The representation of a client in a licensing case is as much a matter involving the practice of law as the art of persuasion on the client’s behalf before the licensing agency. A number of licensing cases which at first appear hopeless can, with careful and methodical legal work and creative solutions, have a mutually beneficial ending for both the client and the agency. The careful practitioner should be constantly alert to opportunities at various key points in the licensing process to suggest creative alternatives to the agency’s preliminary decision to issue an outright license denial. Counsel’s appreciation of these principles during these key points may make a significant difference as to the results that are ultimately obtained for the client.
1 Fla. Stat. §120.60(1) (Supp. 1996).
2 If, upon demand, the agency refuses to grant a default license, then an action for mandamus may be appropriate, assuming the statutory time frames have clearly passed. See World Bank v. Lewis , 406 So. 2d 541 (Fla. 1st D.C.A. 1981).
3 “An application shall be considered complete upon receipt of all requested i nformation and correction of any e rror or omission for which the applicant was timely notified or when the time for such notification has expired.” Fla. Stat. §120.60(1) (Supp. 1996) (emphasis supplied).
4 Fla. Stat. §120.60(3) (Supp. 1996).
5 The practitioner should review Fla. Stat. §90.408 (1995) concerning statements made during compromise and settlement and reach an understanding between all participants as to its applicability before the meeting. Otherwise, your client’s verbal statements may resurface in a denial letter as misrepresentations to the agency. Counsel should also consider moving to strike such statements if same are detailed in the letter.
6 In some regulated professions, such as securities dealers, new disciplinary orders become “reportable acts” which require affirmative responses on applications and create “red flags” on future license applications. Fla. Stat. §517.12(7)(b) (1995). This new disciplinary information is then placed into a national computer databank (the “Central Registration Depository”) which is used to track disciplinary histories. Counsel should be sensitive to this and other similar situations, in order to properly advise the client as to the ramifications of creating a new disciplinary record if withdrawal of a pending application is instead a viable alternative.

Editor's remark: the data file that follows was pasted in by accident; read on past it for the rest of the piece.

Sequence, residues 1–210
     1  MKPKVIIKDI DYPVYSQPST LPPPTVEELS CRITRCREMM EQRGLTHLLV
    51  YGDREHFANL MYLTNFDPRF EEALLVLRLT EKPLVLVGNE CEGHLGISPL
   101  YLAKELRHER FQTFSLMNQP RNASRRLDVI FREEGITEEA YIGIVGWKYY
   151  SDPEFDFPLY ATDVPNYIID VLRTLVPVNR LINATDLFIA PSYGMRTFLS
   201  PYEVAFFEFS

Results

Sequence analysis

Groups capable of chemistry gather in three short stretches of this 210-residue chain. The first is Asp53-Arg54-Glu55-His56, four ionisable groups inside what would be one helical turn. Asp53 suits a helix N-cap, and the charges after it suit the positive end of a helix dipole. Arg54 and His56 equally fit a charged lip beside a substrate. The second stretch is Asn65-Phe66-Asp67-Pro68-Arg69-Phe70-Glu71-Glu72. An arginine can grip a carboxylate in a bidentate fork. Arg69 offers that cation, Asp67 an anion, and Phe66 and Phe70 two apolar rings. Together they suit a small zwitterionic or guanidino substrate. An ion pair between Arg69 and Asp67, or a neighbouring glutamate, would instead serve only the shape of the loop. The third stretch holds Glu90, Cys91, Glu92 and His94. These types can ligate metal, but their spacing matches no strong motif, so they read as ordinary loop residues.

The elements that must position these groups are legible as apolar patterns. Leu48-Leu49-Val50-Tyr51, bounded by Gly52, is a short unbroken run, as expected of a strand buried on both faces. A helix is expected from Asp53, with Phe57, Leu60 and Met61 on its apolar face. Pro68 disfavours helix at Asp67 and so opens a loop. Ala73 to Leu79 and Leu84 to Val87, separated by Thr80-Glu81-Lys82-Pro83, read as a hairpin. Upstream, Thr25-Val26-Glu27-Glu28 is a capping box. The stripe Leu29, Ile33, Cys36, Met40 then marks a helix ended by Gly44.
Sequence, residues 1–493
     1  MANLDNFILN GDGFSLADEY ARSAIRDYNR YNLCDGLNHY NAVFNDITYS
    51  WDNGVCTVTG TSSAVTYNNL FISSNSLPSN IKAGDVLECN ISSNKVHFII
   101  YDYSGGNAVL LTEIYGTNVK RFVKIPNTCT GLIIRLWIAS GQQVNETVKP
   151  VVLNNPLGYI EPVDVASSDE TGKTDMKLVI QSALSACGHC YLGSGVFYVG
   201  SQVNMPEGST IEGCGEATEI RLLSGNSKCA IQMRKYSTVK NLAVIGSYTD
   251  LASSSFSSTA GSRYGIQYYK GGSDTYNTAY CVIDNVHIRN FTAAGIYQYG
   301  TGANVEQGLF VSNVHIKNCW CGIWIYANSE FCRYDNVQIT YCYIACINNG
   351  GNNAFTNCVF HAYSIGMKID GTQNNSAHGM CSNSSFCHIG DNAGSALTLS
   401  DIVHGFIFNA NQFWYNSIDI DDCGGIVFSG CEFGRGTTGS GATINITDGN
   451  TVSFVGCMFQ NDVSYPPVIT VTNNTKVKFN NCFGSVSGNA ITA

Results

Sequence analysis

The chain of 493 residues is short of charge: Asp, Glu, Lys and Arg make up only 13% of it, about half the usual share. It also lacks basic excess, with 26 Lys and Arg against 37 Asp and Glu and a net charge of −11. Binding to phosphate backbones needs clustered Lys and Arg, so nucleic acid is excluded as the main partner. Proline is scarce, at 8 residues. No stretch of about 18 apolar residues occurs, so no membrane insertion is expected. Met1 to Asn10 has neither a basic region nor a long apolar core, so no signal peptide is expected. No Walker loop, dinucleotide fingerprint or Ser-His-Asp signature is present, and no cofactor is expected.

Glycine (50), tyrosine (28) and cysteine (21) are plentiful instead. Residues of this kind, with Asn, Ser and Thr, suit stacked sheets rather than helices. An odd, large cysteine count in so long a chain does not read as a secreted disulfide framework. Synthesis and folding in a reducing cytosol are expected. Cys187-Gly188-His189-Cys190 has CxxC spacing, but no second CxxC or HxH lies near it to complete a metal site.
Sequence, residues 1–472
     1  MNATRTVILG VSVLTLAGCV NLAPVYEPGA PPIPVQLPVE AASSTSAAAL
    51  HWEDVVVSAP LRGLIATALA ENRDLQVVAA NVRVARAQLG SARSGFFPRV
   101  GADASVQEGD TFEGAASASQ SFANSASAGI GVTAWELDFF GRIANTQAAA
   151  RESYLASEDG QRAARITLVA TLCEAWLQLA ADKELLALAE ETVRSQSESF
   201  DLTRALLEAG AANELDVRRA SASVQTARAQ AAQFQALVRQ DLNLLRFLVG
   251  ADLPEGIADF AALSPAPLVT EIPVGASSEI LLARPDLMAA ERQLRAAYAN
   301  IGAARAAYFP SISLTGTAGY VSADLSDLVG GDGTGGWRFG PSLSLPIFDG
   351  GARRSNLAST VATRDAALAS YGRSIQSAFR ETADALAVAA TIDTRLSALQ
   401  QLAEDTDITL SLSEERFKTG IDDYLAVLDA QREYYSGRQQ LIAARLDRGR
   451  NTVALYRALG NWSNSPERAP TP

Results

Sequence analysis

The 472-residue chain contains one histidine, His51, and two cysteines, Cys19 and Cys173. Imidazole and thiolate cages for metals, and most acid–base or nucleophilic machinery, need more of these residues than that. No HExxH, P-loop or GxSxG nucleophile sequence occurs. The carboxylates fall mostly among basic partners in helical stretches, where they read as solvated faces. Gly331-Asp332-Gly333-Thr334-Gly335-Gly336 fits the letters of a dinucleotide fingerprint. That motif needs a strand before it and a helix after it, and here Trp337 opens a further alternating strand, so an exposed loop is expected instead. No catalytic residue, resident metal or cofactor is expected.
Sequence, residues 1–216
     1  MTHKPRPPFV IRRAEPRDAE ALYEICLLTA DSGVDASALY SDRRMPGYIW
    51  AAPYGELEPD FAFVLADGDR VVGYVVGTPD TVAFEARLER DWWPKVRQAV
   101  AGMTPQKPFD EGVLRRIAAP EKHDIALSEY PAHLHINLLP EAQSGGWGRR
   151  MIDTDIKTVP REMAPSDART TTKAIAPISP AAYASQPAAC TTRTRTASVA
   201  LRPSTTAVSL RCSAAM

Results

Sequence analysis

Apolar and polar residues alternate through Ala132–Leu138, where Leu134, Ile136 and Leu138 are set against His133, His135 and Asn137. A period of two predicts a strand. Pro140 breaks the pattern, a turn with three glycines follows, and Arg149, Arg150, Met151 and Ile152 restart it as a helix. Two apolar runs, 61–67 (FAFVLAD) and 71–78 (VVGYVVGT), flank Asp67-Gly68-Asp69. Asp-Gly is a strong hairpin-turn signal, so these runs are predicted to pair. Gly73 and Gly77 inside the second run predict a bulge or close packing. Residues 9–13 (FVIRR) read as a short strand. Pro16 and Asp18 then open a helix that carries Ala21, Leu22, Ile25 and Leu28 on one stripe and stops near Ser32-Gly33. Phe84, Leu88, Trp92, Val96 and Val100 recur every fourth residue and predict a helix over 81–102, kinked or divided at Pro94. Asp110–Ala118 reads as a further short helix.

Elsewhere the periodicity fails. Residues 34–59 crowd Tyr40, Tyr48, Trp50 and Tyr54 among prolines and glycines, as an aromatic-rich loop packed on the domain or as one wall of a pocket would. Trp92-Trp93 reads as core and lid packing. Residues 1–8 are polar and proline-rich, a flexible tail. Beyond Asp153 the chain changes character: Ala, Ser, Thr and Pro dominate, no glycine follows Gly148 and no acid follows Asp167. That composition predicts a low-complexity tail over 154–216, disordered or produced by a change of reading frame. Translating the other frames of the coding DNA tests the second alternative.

7 Gessler v. Department of Business and Professional Regulation , 627 So. 2d 501 (Fla. 4th D.C.A. 1993).
8 Fla. Stat. §120.53 (Supp. 1996).
9 Fla. Stat. §120.60(3) (Supp. 1996) requires that the agency provide notice to the applicant of any available administrative or judicial review of the notice.
10 For example, in administrative cases, unlike in circuit court, most motions are ruled upon after timely filed written responses to the motion; motion hearings are the exception rather than the rule. Fla. Admin. Code r. 28-106.204(1).
11 The failure to timely request a hearing, usually within 21 days of receipt of the notice, may result in the issuance of a default final order of denial, subject only to appellate review. See Fla. Stat. §§120.569(2)(j) and 120.68 (Supp. 1996).
12 Usually, the filing of such a petition will result in the appointment of a staff attorney and thus provide another point of contact with the agency, in the hope of persuading the decisionmakers to reverse the decision to deny. Here is an additional opportunity for the practitioner to request a probationary license or some relief short of an outright denial. Such a request may even be to ask that the applicant be able to withdraw his or her application and that the agency thereupon vacate the notice of denial ab initio (thus potentially erasing any newly created reportable disciplinary history).
13 Fla. Stat. §120.57(1)(b)1 (Supp. 1996) states, “A request for hearing shall be granted or denied within 15 days of receipt.” Note that there is no statutory penalty imposed on the agency for failure to observe this requirement.
14 Osborne Stern & Co. v Department of Banking and Finance , 647 So. 2d 245 (Fla. 1st D.C.A. 1994), rev’d and remanded, 670 So. 2d 932 (Fla. 1996).
H. Richard Bisbee began practicing as a private attorney in 1981 in Sarasota, becoming a senior attorney for the Florida Comptroller, Department of Banking and Finance in 1986 and deputy general counsel in 1990. During this tenure, he litigated numerous banking, securities, and finance-related licensing cases and issues. Mr. Bisbee is now with Blank, Rigsby & Meenan, P.A., Tallahassee, practicing administrative law. He received his B.A., cum laude, from Stetson University and his J.D. from that university’s College of Law.
The views expressed are solely those of its author and are not to be attributed to the Comptroller’s office or any other agency or person.
This column is submitted on behalf of the General Practice, Solo and Small Firm Section, L. Michael Roffino, chair, and David A. Donet, editor.